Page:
Different Down-Under: How Australian avian breeding phenology differs relative to the Northern Hemisphere

Daisy  Englert    Duursma (1),    Rachael    Gallagher (2),    Simon    Griffith (3)

1    Macquarie    University,    Department    of    Biological    Sciences, North  Ryde,    NSW    2109,    daisy.duursma@mq.edu.au

2    Macquarie    University,    Department    of    Biological    Sciences, North  Ryde,    NSW    2109,    rachael.gallagher@mq.edu.au

3    Macquarie    University,    Department    of    Biological    Sciences, North  Ryde,    NSW    2109,    simon.griffith@mq.edu.au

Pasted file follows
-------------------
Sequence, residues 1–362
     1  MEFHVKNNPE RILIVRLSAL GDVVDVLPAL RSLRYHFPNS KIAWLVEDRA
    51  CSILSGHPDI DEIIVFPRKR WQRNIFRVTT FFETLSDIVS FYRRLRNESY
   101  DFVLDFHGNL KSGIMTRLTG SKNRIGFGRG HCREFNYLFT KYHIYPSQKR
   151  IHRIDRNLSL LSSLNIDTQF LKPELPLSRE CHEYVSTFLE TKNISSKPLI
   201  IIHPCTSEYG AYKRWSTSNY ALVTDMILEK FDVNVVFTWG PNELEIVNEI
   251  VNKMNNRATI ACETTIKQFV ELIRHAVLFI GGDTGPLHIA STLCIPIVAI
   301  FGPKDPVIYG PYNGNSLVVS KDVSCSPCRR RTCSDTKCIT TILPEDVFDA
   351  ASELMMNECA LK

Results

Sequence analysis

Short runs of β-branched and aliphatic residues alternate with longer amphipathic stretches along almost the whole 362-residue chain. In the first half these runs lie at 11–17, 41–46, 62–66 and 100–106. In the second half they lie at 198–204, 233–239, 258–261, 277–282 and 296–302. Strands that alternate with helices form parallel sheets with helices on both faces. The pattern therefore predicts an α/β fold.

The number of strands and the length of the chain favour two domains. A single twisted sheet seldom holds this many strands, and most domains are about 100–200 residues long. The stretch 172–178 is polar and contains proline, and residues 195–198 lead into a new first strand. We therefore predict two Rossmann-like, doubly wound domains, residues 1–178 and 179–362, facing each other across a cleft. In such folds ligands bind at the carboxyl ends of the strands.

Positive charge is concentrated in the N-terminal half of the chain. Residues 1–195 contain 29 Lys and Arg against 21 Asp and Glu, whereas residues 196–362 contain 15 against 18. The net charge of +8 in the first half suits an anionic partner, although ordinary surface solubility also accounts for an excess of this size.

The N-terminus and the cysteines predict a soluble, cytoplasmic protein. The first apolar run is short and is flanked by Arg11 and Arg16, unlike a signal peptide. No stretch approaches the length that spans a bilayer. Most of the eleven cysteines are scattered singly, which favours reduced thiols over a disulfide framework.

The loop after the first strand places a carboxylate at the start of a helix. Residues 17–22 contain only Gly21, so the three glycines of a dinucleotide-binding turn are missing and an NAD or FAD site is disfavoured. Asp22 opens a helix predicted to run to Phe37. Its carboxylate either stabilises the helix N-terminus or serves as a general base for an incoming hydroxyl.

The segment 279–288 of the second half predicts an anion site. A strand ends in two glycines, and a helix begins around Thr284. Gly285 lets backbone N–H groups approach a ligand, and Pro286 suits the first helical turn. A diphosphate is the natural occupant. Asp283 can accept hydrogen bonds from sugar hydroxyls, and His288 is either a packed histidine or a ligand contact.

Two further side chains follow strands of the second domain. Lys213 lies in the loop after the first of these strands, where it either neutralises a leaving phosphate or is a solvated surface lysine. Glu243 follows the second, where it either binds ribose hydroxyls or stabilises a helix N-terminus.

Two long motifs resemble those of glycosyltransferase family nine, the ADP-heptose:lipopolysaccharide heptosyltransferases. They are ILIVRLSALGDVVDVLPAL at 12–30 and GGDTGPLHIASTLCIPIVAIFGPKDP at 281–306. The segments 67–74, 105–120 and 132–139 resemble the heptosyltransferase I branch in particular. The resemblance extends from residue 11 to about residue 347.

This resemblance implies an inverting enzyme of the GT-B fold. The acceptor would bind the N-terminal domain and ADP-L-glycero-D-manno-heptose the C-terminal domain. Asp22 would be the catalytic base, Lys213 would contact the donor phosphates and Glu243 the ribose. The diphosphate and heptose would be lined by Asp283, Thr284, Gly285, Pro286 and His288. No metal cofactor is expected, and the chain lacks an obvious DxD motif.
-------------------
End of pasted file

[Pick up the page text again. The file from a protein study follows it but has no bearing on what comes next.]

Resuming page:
Bird      breeding       phenology       is       responding       to      rapidly       changing       climate       conditions.       Knowledge       of       current    phenological    patterns    and    their    rates    of    change    are    important    for    understanding    life-­‐history,    behaviour    and    ecology      of    birds    and    should    be     incorporated    into    conservation    assessments.    Documented    shifts    in    avian    phenology     are   particularly   pronounced     in     the   Northern   Hemisphere.   Recent   reviews   of   changes   in   annual    cycles    of    birds    are    dominated    by    examples    from    Northern    Hemisphere    temperate    regions.    We    collated    and    analysed        245     years      of      breeding      bird      observations      on      the     Australian      continent      and      assessed      the     start,    conclusion,          length,        and        seasonal        density       of        breeding        observations       for        339        Australian        birds       at        the    continental      scale    and    across     five    biomes.          We    show    that    Australian    birds     have    significantly     longer    peak    breeding     periods   than     birds   in     the   Northern     Hemisphere   and     that   peak   breeding   period     timing   and     length    varies      by     biome.    Additionally,    the    thermal    niche    occupied    during     breeding     differs    between    biomes    and,    surprisingly,    desert    species    have    the    second    coldest    thermal    niche.    We    also    demonstrate    novel    techniques    for      assessing     phenological     trends     in     baseline     breeding     periods     using     existing     datasets,     which     could     be    applied         globally.       Based       on       our       Australian       assessment       of       tropical,       subtropical,       grassland,       desert,       and    temperate         regions       we       suggest      that      methods       used       to       assess       climate-­‐induced         changes       from       northern    hemisphere         research      may       not       readily       be       applied      to      other       regions       and     may       not       adequately       address    conservation    needs.


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